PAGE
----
Review: We’re All Journalists Now

18 08 2008

We’re All Journalists Now: The Transformation of the Press and Reshaping of the Law in the Internet Age.  Scott Gant.  New York: Free Press, 2007.  240 pp.

On the 2008 US presidential campaign trial, a select group of journalists follows the candidates and gains special access for interviews and photo opportunities. Whether it be a press conference, sporting event, or parade, the pack of journalists has greater access to the candidates than average American citizens. Rarely does anyone ask why.

We see the same privilege granted to journalists in presidential press conferences, sessions of Congress and Supreme Court trials. With technology advancing the ability to create and disseminate information online and quality of online journalism on the rise, who are “journalists” today anyway?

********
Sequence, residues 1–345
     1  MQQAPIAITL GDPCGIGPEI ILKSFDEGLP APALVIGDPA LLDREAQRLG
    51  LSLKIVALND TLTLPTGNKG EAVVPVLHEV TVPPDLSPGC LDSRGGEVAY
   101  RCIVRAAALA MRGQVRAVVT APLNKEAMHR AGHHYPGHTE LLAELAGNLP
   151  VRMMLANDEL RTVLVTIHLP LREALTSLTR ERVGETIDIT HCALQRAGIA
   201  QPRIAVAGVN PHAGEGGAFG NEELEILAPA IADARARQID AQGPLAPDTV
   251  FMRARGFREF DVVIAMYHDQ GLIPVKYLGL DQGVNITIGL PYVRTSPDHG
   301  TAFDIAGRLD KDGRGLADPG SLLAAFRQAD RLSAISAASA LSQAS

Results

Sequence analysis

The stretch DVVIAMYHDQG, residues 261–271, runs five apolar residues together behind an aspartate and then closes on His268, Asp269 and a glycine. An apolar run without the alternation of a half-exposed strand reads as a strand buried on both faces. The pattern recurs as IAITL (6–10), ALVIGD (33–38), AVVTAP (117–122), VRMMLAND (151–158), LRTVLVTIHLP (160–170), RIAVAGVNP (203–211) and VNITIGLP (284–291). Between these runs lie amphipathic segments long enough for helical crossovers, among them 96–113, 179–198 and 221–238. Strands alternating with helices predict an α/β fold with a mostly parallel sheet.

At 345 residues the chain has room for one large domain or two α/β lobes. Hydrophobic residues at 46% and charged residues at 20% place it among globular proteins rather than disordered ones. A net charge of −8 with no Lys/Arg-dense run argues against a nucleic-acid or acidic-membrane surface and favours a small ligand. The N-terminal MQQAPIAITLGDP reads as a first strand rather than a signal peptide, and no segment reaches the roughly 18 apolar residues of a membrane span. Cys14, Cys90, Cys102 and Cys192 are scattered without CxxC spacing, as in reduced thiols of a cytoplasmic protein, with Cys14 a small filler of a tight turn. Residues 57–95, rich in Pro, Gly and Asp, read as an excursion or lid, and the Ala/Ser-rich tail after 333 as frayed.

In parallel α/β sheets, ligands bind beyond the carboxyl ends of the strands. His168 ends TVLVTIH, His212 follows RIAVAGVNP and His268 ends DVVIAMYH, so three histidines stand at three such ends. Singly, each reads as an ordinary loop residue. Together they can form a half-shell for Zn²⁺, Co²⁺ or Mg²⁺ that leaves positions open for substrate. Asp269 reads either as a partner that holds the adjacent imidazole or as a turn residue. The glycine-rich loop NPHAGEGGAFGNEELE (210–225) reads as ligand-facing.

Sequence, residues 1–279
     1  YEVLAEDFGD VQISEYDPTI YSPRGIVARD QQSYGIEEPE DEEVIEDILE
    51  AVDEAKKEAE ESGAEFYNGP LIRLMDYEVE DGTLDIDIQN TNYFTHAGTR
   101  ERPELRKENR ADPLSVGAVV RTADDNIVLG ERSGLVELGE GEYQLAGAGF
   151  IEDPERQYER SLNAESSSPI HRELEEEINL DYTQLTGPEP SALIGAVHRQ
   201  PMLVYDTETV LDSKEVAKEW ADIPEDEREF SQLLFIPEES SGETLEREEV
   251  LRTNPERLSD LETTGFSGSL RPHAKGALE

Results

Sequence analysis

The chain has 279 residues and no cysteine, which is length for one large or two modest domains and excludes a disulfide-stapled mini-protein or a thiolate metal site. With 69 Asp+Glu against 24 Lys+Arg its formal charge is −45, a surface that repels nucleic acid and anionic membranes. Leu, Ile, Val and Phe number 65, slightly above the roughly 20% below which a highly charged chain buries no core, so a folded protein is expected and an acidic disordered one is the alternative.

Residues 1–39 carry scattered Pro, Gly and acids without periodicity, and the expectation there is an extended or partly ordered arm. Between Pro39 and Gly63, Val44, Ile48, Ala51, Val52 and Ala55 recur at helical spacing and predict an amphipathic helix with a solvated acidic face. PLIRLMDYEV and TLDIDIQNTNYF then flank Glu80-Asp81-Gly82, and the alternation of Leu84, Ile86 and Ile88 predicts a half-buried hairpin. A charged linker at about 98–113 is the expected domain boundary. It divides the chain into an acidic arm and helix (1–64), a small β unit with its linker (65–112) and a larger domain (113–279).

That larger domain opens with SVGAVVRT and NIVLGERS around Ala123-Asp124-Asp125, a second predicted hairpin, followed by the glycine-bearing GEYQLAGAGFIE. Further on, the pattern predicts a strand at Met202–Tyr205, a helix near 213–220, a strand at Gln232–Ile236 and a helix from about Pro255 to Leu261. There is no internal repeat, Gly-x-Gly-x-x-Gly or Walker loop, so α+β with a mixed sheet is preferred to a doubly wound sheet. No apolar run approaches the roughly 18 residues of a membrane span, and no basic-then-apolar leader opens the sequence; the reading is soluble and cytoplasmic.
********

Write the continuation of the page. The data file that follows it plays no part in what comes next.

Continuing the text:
“Although we are not all engaged in the practice of journalism, any one of us can be if we want to,” says Scott Gant, a distinguished Washington attorney and constitutional scholar. “In that respect, we’re all journalists now.”

In his book, We’re All Journalists Now: The Transformation of the Press and Reshaping of the Law in the Internet Age, Gant explores press privilege within the context of US law and politics. Through thorough examinations of court rulings and how each branch of government regulates press access and privilege, Gant argues that this “more perfect Union” has a less than perfect system for regulating the freedom of the press.

“Preferential treatment for professional journalists is so common today that we often don’t even notice it,” Gant says. In our passive state, Gant argues that we’ve wrongly misidentified journalism as a job rather than an activity.